Bailey, Heather L. "Edwin Wiley Grove (1850-1927)." The Tennessee Encyclopedia of History and Culture version 2.0.  January 4, 2010. http://tennesseeencyclopedia.net/entry.php?rec=1606 (accessed July 15, 2013).

"Grove Park Inn." National Registry of Historic Places Travel Itinerary. National Park Service. http://www.nps.gov/nr/travel/asheville/gro.htm (accessed July 15, 2013).

Neufeld, Rob. "E. W. Grove & Grove Arcade." Grove Arcade. 2006. http://www.grovearcade.com/wp-content/uploads/2010/06/GA_BriefHistory.pdf (accessed July 15, 2013).

Waters, T. Wayne. "Asheville's Grove Park Inn celebrates centennial with special events."  Knoxville News Sentinel. January 12, 2013. http://www.knoxnews.com/news/2013/jan/12/ashevilles-grove-park-inn-celebrates-centennial/ (accessed July 15, 2013).

Image Credits:

"File:Edwin Wiley Grove.jpg." Photograph. Wikimedia Commons. http://commons.wikimedia.org/wiki/File:Edwin_Wiley_Grove.jpg (accessed July 15, 2013).

Origin - location: 

Comments

Grove died at the Battery Park Hotel in Asheville, N.C. on January 27, 1927. He had suffered from prolonged bouts of hiccups, sometimes lasting for weeks at a time. One cause of death is listed as such on his death certificate. He is noted as being a capitalist on the same document. His Grove Arcade project stopped.
Prior to his death Grove was being sued by his son-in-law Fred Loring Seely. Mr.Seely believed he had been promised by Grove that he (Seely) would be given the continued management and probable ownership of the Grove Park Inn. Grove and Seely fell out over two things: Seely would not charge famous guests (Firestone, Edison, et.al.) for their visits at the Grove Park Inn and Grove was jealous over his daughter Evelyn. Seely continued the lawsuit after Grove died. The trial was held in St. Louis. In 1928 the lawsuit was dismissed and Seely was forced to admit defeat and loss of the Grove Park Inn. Seely's wife (Grove's daughter) Evelyn did inherit the Battery Park Hotel. The heavily mortgaged hotel was lost later in a 1955 lawsuit after Mrs. Seely died in 1953.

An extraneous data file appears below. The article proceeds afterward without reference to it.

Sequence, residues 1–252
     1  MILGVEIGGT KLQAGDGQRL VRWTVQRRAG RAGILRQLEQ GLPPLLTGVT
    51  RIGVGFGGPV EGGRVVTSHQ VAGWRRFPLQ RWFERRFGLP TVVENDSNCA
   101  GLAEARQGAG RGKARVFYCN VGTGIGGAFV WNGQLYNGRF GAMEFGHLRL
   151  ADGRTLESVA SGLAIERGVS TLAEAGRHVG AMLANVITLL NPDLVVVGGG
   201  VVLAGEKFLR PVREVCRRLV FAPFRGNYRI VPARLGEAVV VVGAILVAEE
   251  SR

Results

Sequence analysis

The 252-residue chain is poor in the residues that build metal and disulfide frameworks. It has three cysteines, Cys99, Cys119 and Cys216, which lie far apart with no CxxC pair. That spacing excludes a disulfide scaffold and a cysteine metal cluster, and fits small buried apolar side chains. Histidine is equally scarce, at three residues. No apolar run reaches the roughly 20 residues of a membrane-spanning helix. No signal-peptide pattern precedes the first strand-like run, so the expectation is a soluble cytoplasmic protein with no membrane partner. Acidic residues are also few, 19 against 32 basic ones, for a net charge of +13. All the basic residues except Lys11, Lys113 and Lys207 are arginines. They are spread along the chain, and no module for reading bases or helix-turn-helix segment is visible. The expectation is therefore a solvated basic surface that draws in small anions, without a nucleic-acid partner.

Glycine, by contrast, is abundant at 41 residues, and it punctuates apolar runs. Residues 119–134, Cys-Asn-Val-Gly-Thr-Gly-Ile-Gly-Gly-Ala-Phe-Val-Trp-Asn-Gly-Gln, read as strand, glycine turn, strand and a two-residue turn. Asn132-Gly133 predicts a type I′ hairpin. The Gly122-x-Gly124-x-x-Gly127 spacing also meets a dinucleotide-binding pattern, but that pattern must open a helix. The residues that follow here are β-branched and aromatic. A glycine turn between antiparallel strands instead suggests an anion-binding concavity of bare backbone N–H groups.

Grove left the Grove Park Inn in a trust that would provide income to Evelyn Grove Seely, Gertrude Grove, and Eddie Grove. However, Gertrude Grove claimed her widows rights and sued to break the trust.
She won and the Grove Park Inn had to be sold to pay her off. Her winnings were enjoyed only for a short while as she died in 1928. Her share of the fortune went to Eddie Seely. His fortune did not benefit him for long either. He died in 1934. Their estate fortune remained for about 70 years in a generation skipping trust until the last grandchild of Grove died.
The Grove Park Inn was closed during the Great Depression. It was used to intern Axis Powers high ranking embassy staff during WWII. These "prisoners" were occasionally used in POW exchanges during the war.
The Grove Park Inn has survived and is flourishing today under new ownership. (OMNI purchased the property in 2013...just prior to the centennial celebration of the GPI.) The 3 day celebration include speeches and fireworks and performances by David Holt and B.B. King. Grove and Seely grandchildren were treated to complimentary rooms and food feasts. A side event include a tour of the grounds of Seely's former home: the 20,000 square foot castle known as Overlook on Sunset Mountain.

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Copyright notice

This article is from the Dictionary of North Carolina Biography, 6 volumes, edited by William S. Powell. Copyright ©1979-1996 by the University of North Carolina Press. Used by permission of the publisher. For personal use and not for further distribution. Please submit permission requests for other use directly to the publisher.